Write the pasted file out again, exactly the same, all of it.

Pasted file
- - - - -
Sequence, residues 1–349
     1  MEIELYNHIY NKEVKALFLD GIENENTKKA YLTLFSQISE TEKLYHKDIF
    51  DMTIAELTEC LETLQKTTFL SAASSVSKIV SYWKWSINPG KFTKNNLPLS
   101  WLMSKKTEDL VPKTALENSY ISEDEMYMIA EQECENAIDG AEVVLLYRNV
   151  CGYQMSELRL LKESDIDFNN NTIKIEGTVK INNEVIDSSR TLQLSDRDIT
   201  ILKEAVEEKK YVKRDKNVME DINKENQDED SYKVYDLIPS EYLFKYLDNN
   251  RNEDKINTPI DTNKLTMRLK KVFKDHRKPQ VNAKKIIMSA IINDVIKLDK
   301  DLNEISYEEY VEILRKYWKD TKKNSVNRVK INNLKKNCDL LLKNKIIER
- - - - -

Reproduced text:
Sequence, residues 1–349
     1  MEIELYNHIY NKEVKALFLD GIENENTKKA YLTLFSQISE TEKLYHKDIF
    51  DMTIAELTEC LETLQKTTFL SAASSVSKIV SYWKWSINPG KFTKNNLPLS
   101  WLMSKKTEDL VPKTALENSY ISEDEMYMIA EQECENAIDG AEVVLLYRNV
   151  CGYQMSELRL LKESDIDFNN NTIKIEGTVK INNEVIDSSR TLQLSDRDIT
   201  ILKEAVEEKK YVKRDKNVME DINKENQDED SYKVYDLIPS EYLFKYLDNN
   251  RNEDKINTPI DTNKLTMRLK KVFKDHRKPQ VNAKKIIMSA IINDVIKLDK
   301  DLNEISYEEY VEILRKYWKD TKKNSVNRVK INNLKKNCDL LLKNKIIER